Lowrance Sonar Tutorial
Courtesy of Lowrance South Africa
In the late 1950's, Carl Lowrance and his sons Arlen and Darrell began scuba diving to observe fish and their habits. This research, substantiated by local and federal government studies, found that about 90 percent of the fish congregated in 10 percent of the water on inland lakes. As environmental conditions changed, the fish would move to more favorable areas. Their dives confirmed that most species of fish are affected by underwater structure (such as trees, weeds, rocks, and drop-offs), temperature, current, sunlight and wind. These and other factors also influence the location of food (baitfish, algae and plankton). Together, these factors create conditions that cause frequent relocation of fish populations.
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Lowrance Lcx16ci - Wreck Recording- Sonar Viewer Application
Screen Interpretation: The screen below shows a wreck close to a reef. It has been lying there for several years but is still in good shape. It is not very deep (54') but it often provides shelter for fish like Pollocks as you would expect. On the day it was recorded there was a buoy on it probably attached to a lobster trap. The LCX16ci detects precisely the thin rope (1) from the buoy, the wreck itself (2) with its hull lying upside down clearly separated from the bottom by the ColorLine, the large fish in the « pool » of the wreck (3) which protects them from the tide and the little baitfish circling around it (4). There is a heavy « surface clutter » (5) due to the current and the plankton causing surface disturbance.
On the left of the main body of the wreck you can see a darker structure (6) that the unit is detecting and displaying in red thus indicating a much harder part of the target. This is actually the rear of the boat with much more metallic pieces coming out stronger than the wooden hull. On the wreck you can see some weeds as well as around the metallic structure in purple color. The unit's setting was Sensitivity 96%, ColorLine 80%, SCC off and ASP low. This is why we can see so many little echoes caused by tide bubbles, sand, weeds in suspension, fish and current disturbance. Notice that the unit is cutting through that with ease showing only the most useful information to the discerning angler.
A close up interpretation shows how much you can get from a top class fishfinder. The « cloud » extending behind the line in (1) is the echo created by the vibration of the line against the tide current. This explains why there wasn't many fish on the wreck and why fish can be spooked by anchor rope or thick fishing line. The amount of information revealed by the Lowrance LCX16ci is simply outstanding.
Please note that the following points have to be adhered to, when installing a fishfinder.
Reason: The transducer cable can pick up the sparks from the motor and this is shown as noise on the screen.
Install the cable inside some kind of conduit (i.e. a split fuel line or something similar)
Reason: It is important to protect the cable. If the cable gets just a little “nick” moisture will come in. Initially the transducer might go intermittently faulty, but after a while the moisture will have “walked” along the cable into the transducer. This cannot be repaired, so it is important to prevent the cable from being damaged.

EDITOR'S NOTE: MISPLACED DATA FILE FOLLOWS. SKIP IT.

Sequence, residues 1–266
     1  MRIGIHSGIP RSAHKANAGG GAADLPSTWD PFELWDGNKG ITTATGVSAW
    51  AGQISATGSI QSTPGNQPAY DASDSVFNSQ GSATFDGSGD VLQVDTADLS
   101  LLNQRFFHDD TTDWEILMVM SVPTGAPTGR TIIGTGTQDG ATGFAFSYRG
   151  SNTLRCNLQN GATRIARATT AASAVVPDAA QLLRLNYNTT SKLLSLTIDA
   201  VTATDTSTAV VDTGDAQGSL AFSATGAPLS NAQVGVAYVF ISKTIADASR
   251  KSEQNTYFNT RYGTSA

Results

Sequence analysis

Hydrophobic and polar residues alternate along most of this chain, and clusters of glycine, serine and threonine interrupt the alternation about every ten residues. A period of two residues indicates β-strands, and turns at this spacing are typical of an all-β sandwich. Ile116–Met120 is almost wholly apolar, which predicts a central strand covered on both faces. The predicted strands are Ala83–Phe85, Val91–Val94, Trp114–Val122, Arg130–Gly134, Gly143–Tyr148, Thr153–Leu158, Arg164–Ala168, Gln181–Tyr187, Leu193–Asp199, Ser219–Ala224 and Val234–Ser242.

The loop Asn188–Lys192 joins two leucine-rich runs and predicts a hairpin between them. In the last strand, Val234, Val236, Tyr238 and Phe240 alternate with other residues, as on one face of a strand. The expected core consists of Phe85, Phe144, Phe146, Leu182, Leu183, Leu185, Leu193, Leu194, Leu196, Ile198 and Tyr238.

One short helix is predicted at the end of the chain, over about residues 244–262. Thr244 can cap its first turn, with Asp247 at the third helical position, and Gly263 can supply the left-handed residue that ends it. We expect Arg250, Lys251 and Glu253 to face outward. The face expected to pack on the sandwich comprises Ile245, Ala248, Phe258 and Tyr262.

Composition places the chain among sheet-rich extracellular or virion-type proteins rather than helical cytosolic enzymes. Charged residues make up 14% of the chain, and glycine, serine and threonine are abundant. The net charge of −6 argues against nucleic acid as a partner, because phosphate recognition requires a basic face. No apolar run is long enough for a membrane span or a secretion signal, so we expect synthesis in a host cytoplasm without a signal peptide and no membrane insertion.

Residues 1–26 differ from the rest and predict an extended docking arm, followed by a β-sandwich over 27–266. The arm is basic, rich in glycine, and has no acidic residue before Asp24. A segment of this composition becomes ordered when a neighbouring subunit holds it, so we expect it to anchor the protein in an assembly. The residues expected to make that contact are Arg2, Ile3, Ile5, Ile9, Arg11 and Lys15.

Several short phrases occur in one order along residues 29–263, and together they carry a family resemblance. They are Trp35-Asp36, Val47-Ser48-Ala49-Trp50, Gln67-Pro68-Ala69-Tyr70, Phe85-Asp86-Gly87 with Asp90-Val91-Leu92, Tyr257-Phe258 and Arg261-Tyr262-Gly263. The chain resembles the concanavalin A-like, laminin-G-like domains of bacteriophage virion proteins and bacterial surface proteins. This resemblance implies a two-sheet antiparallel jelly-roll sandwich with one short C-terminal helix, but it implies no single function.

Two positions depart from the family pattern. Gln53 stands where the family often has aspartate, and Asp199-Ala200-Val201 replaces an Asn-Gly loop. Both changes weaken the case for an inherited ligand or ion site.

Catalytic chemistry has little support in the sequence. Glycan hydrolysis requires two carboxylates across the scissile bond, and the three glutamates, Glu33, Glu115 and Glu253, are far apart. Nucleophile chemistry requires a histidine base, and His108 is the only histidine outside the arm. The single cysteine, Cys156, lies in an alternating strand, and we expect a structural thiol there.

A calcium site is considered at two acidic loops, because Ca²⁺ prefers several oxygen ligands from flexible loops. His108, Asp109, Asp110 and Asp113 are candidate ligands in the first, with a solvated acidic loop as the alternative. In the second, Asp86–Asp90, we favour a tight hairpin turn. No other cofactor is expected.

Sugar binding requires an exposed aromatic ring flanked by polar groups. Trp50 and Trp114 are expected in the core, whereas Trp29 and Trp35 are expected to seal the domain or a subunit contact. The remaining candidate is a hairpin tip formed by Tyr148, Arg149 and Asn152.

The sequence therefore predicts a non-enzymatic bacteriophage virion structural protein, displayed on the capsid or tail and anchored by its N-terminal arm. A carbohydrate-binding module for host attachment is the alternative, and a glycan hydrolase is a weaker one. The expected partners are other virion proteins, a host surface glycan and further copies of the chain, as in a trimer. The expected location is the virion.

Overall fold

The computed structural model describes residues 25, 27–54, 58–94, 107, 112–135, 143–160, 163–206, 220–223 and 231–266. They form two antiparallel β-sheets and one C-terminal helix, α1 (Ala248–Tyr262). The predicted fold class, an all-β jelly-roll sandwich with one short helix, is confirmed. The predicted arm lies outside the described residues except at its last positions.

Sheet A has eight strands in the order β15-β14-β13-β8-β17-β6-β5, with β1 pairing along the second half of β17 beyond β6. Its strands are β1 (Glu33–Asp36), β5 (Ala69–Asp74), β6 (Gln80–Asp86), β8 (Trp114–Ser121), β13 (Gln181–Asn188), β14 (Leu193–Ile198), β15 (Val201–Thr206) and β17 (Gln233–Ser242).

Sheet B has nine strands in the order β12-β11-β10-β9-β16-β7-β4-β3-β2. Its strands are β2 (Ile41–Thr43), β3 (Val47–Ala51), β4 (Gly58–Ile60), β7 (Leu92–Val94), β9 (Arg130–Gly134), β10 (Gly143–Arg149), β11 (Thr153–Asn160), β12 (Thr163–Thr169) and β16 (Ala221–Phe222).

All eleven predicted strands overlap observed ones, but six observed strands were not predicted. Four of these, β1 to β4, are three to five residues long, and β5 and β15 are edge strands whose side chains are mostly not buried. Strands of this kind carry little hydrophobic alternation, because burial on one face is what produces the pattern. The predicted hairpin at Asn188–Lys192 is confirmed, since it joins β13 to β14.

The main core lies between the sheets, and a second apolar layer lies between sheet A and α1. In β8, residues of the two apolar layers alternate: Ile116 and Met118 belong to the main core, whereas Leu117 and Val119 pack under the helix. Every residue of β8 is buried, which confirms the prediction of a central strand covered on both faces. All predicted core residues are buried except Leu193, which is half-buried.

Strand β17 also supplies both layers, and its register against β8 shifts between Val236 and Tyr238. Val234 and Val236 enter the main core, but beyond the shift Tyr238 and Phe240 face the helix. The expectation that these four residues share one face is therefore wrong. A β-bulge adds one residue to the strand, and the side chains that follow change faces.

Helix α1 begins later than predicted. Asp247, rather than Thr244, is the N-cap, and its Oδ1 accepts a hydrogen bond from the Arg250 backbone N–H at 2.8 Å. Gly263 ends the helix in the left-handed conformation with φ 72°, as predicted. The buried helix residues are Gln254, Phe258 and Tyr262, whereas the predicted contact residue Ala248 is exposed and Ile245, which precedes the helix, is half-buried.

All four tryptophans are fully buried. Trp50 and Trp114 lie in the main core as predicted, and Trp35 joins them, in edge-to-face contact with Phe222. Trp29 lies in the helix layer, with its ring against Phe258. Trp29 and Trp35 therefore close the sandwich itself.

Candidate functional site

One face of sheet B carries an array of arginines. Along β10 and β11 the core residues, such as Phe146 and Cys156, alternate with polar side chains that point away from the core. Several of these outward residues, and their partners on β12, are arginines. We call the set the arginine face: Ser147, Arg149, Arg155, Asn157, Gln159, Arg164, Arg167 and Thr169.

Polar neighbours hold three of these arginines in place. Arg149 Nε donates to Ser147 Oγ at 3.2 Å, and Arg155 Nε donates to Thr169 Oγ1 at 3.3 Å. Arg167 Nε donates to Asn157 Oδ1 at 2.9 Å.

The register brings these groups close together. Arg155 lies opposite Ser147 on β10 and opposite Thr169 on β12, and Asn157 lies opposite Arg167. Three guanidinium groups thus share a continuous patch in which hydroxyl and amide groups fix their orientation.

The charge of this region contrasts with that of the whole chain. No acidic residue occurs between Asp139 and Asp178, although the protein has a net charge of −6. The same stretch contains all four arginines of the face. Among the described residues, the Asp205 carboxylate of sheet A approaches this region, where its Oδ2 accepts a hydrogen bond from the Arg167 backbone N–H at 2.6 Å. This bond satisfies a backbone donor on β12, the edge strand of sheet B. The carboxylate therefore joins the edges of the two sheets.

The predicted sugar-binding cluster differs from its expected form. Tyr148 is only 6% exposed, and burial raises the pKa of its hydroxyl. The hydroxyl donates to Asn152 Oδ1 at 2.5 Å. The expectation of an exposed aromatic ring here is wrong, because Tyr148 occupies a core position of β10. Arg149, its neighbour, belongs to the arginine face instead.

The transducer cable must not hang loose.
Reason: A loose cable can easily get caught in something and be pulled thereby damaging the cable and the transducer.
Do not cut the transducer cable.
Reason: Inside the cable are many tiny strands of wire. It is virtually impossible to connect each wire again, which is necessary for the best reception.
Wire the powercable directly to the battery instead of to a switchpanel.
Reason: To prevent noise from other electrical installations.
When installing a ratchet-type transducer (large “Skimmer”) on a beach-launching Ski Boat, the little ratchet-rings must be removed.
Reason: When the boat hits the beach the bracket will get damaged if the ratchet is not removed.
Make sure the terminals are clean.
Reason: The battery is an integral part of the motor’s voltage system and clean terminals form part of this. Clean terminals are an extra “fuse”.
Be sure to fit the in-line fuse.
Reason: If the motor’s voltage “spike”, over-voltage can damage the unit.
When installing a transducer inside the hull make sure that there is no air in the area, where the transducer is mounted.
Reason: A transducer can read through fiberglass etc, but not through air. To find the best place to install a transducer do the following test:
- Hold the transducer by hand over the side of the boat and see what type of reading you get on the sonar;
- Put the transducer inside a Checkers-type plastic bag filled with water. Move this around inside the boat. The bag will take the shape of the boat. Install the transducer at the spot, where the reading inside is as close to the reading outside as possible.
Make sure the angle of the transducer is correct, when installing it.
Reason: The transducer is a transmitter and receiver in one, so it has to “catch” the sound-signals being bounced off the bottom. If the angle is too big, the sound-signals will bounce off the bottom in the opposite direction. Remember that the boat is not sitting on the trailer in your driveway the same way as it is sitting on the water.
Read the manufacturer’s installation instructions.
If in doubt - ask.
It is therefore very obvious why "pixel count" is critically important to any fishfinder's ability to display detail, especially when targets are schooled tightly, and let's face it: if an angler doesn't see a fish, he's probably less likely to catch it!